On Monday, June 18th, 2012, I had the opportunity to review Cactus Truck's recording, 'Brand New for China' for the Free Jazz Collective. I remember my ears being boxed by the sheer violence and it's power coming from their unbridled energy. I also made a comment that I would love to experience them live for full effect. Well, unfortunately, there was no Cactus Truck tour of Singapore this year but was pleased to hear that a tour of the United States did happen and was recorded for this release. Adding to my anticipation was learning that the core trio of Jasper Stadhouders (guitars), Onno Govaert (drums) and John Dikeman ( saxophones) would be joined by trombonist Jeb Bishop for two extended tracks and trumpeter Roy Cambell for the recording's closer 'Ninja'which clocks in at over 21 minutes.
Jeb Bishop (Trombone)
'Prairie Oyster' starts the album and for those of us who have been listening to these guys before now, there are smiles forming on our faces before this song has played for too long. What Bishop chooses to do with his horn in the face of such power is rather clever. He chooses to be an anchor instead of trying to one up them, giving them dramatic melodic lines and a crisp pulse to bounce off of. This in no way means that Bishop's contribution is minimal for it adds a dimension to the band's comfort zone that is both challenging and profound. If I were a snake, he would have me charmed. 'Seans Gone' relaxes a little and Bishop becomes more of a band member and less of a special guest. When Dikeman drops out, leaving Bishop to his own devices with Stadhouders and Govaert, he steps up to the microphone and lets loose on the opportunity with all the vinegar and thunder he can muster.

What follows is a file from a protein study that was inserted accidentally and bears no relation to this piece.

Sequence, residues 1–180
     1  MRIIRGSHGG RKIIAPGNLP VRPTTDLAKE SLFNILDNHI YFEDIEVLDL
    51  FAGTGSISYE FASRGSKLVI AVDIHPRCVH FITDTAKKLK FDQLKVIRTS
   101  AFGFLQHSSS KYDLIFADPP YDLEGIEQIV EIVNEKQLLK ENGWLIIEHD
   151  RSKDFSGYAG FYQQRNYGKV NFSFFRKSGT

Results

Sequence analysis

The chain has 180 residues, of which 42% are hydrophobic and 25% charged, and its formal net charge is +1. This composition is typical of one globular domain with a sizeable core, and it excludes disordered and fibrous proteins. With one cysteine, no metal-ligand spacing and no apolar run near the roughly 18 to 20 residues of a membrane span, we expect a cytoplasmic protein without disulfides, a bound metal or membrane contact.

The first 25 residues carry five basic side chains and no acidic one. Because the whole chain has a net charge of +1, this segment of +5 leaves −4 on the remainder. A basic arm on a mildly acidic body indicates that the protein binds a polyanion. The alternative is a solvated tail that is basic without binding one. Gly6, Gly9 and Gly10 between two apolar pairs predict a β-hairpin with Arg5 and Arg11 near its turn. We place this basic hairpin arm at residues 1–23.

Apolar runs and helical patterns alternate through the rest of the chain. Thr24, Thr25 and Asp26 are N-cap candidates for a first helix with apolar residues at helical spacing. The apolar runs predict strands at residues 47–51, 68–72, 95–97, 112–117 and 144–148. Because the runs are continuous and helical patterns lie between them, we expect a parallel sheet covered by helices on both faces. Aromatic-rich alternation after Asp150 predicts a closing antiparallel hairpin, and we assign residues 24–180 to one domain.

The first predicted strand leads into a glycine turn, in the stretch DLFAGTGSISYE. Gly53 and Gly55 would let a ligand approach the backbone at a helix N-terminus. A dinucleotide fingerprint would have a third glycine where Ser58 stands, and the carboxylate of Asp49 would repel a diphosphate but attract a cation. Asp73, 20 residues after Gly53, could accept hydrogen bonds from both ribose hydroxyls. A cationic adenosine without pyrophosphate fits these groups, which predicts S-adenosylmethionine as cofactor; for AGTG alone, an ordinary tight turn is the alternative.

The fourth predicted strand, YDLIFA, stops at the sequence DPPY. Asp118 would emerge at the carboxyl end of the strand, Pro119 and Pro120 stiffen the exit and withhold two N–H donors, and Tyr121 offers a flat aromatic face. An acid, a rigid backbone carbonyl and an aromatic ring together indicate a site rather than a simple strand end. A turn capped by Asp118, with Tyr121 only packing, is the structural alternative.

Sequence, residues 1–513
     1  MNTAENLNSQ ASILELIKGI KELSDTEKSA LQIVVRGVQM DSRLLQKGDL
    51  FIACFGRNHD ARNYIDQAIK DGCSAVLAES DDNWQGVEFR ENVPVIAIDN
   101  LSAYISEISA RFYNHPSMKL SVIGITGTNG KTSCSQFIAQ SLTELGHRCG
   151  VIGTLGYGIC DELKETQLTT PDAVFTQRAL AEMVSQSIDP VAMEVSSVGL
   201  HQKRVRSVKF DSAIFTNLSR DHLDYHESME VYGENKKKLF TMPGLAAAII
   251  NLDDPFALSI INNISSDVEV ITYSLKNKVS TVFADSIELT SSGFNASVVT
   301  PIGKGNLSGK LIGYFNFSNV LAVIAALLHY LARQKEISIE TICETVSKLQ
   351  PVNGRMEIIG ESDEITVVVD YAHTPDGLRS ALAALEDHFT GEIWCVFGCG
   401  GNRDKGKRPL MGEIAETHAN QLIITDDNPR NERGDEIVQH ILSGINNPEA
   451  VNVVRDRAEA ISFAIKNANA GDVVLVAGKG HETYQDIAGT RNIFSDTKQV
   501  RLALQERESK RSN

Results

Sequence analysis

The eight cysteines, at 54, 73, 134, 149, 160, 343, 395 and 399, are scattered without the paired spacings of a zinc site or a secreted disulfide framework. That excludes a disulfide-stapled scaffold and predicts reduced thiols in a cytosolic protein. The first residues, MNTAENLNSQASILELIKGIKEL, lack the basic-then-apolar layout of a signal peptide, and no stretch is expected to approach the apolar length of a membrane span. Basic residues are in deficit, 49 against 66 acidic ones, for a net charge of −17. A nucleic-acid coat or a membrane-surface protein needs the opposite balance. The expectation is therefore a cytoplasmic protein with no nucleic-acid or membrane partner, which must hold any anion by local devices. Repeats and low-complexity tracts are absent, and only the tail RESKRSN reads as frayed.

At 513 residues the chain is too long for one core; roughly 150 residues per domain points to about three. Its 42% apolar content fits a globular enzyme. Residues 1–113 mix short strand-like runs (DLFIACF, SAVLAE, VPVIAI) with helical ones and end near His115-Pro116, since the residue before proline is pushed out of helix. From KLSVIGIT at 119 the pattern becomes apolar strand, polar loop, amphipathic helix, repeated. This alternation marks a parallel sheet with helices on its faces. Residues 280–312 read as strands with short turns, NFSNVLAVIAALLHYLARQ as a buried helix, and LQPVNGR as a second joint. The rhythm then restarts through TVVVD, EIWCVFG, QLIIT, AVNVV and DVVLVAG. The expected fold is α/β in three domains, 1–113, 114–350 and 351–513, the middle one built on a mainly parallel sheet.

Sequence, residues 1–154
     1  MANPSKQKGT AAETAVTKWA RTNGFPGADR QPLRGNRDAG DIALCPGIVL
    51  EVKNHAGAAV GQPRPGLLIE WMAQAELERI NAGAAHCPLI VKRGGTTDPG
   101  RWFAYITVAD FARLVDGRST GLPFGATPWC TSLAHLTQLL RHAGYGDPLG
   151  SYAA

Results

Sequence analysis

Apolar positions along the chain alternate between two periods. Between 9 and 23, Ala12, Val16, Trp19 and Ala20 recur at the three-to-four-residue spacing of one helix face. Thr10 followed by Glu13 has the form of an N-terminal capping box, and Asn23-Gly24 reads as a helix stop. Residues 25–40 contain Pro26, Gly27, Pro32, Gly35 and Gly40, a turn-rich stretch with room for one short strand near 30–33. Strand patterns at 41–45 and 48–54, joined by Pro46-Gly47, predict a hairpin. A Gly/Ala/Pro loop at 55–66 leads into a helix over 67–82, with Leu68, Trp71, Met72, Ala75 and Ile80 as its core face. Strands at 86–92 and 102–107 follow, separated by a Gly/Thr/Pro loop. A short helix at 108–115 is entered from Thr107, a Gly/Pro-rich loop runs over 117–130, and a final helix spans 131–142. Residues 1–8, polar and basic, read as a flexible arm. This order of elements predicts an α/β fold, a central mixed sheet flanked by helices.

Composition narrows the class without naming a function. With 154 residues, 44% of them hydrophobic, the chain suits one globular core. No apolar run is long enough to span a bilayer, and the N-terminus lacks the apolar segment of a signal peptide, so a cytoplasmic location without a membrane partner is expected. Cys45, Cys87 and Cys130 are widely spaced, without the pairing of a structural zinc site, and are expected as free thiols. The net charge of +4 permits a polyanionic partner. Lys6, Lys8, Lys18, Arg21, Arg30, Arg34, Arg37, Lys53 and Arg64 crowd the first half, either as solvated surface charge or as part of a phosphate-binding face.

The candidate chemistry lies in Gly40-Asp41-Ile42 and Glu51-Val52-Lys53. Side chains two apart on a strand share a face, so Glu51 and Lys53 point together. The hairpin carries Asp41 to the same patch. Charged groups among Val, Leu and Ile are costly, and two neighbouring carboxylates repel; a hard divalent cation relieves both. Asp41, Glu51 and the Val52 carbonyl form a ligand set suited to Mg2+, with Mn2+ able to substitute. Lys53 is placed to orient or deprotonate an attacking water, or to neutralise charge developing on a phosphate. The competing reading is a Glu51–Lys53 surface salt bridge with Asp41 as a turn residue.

Cactus Truck (On their own)
Roy Cambell (Trumpet)
Right away Cambell punches through the upper register of frequencies like a machine on the closing track 'Ninja'. There are points in this track where you feel like you are in the back seat of a car that can't stop and the driver is laughing at you because he is the one who cut the brake lines. On 'Ninja', that driver has a co pilot who is yelling to drive faster. Amongst all of this cacophony, Cambell and Dikeman really tell a wonderful story, one where subplots weave and entangle again before the car hits the wall. They check to see if anyone is hurt, pick up the pieces, remove any glass from their faces and start all over again and again. They leave space to explore technique in the softer moments as well as the loud. Wonderful advancements from the last effort.
Can be purchased from instantjazz.com.
A clip of them here with Jeb Bishop